Statistical analysis

Statistical analysis was performed using the GraphPad Prism software program, version 4.0 (GraphPad Software Inc., San Diego, CA). Differences with P < 0.05 were considered significant. All of the data were expressed as the mean ± SEM.

RESULTS
Fucoidan directly enhanced intestinal epithelial barrier function

First, we determined the effect of fucoidan on the protective functions of Caco-2 cell monolayers. To determine whether fucoidan directly induced the increase in epithelial resistance or TER was upregulated by the promotion of epithelial cell proliferation, we examined the effect of fucoidan on well-polarized Caco-2 cell monolayers. Completely polarized Caco-2 cell monolayers showed approximately 600 Ωcm2 TER. Because polarized Caco-2 cells could not further proliferate, the direct effect of fucoidan on intestinal epithelial barrier functions could be examined. Interestingly, fucoidan significantly increased the TER (P < 0.05 compared with control), indicating an enhancement of intestinal epithelial barrier function (Figure 1).

Figure 1
Figure 1 Fucoidan directly enhanced intestinal epithelial barrier function. Polarized Caco-2 cell monolayers were incubated in the presence or absence of fucoidan (2.5 mg/mL) for 24 h. Changes in intestinal epithelial barrier function were monitored by measuring the trans-epithelial resistance (TER). The data are expressed as the means ± SEM of 5 independent experiments. aP < 0.05 compared with control (Student’s t test).
Fucoidan prevented H2O2-induced destruction of intestinal epithelial barrier function in a dose-dependent manner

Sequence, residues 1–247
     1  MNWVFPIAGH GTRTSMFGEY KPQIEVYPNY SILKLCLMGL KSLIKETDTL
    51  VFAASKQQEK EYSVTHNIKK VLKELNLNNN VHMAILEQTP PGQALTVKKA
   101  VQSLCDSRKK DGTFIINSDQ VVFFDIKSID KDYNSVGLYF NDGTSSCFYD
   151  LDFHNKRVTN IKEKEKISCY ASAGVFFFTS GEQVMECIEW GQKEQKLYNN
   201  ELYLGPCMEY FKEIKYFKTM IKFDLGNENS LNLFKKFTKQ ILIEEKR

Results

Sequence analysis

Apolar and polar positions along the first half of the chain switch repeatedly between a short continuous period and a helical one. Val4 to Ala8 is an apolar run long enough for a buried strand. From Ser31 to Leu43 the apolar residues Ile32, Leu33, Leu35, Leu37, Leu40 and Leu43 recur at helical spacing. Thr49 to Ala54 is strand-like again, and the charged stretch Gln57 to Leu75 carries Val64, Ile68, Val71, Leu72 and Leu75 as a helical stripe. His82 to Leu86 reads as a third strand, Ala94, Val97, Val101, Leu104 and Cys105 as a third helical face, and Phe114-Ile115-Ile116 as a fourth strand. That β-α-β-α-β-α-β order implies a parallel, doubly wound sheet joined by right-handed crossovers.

Next, we focused on the preventive effects of fucoidan on epithelial cell injury. To assess the effect of fucoidan on intestinal epithelial barrier function, completely polarized Caco-2 cell monolayers were injured using H2O2 (500 μmol/L). H2O2 was added into the lower well of the Transwell® and changes in intestinal epithelial barrier function were monitored by measuring the TER. As shown in Figure 2, H2O2 disrupted the epithelial barrier function in a time-dependent manner. In contrast, treatment with fucoidan prevented H2O2-induced intestinal epithelial injury at an early time point (P < 0.05, P < 0.01 compared with cells exposed to H2O2 alone at respective time point). However, low dose (0.1 mg/mL) of fucoidan did not protect the intestinal epithelium against H2O2 injury after 4 h of exposure; however, high doses (1 and 2.5 mg/mL) of fucoidan prevented the disruption of the epithelial barrier to some extent even at the late phase. Thus, fucoidan prevented H2O2-induced destruction of the intestinal epithelial barrier in a dose-dependent manner.

Figure 2
Figure 2 Fucoidan prevented H2O2-induced destruction of intestinal epithelial barrier function in a dose-dependent manner. Polarized Caco-2 cell monolayers were injured by H2O2 (500 μmol/L) on the apical side of Caco-2 cell monolayers. Fucoidan was added into the basolateral side 30 min prior to H2O2 stimulation and cultured for 6 h. Changes in intestinal epithelial barrier function were monitored by measuring the trans-epithelial resistance (TER). The data are expressed as the means ± SEM of 5 independent experiments. aP < 0.05, bP < 0.01 compared with cells exposed to H2O2 alone at respective time point (Tukey’s multiple comparison test).
Fucoidan prevented H2O2-induced increases in paracellular permeability

Next, we examined whether H2O2 increased the paracellular permeability of Caco-2 cell monolayers following epithelial injury and whether fucoidan could prevent this effect. For this experiment, an FD4 flux assay was performed. H2O2 markedly increased FD4 flux into the lower well (Figure 3). As expected, pretreatment with fucoidan 30 min prior to H2O2 administration significantly suppressed the increase in FD4 flux into the lower well across the Caco-2 cell monolayers (P < 0.01) (Figure 3). These results suggested that H2O2 functionally injured the Caco-2 cell monolayers and that fucoidan prevented the disruption of intestinal epithelial barrier function.

Figure 3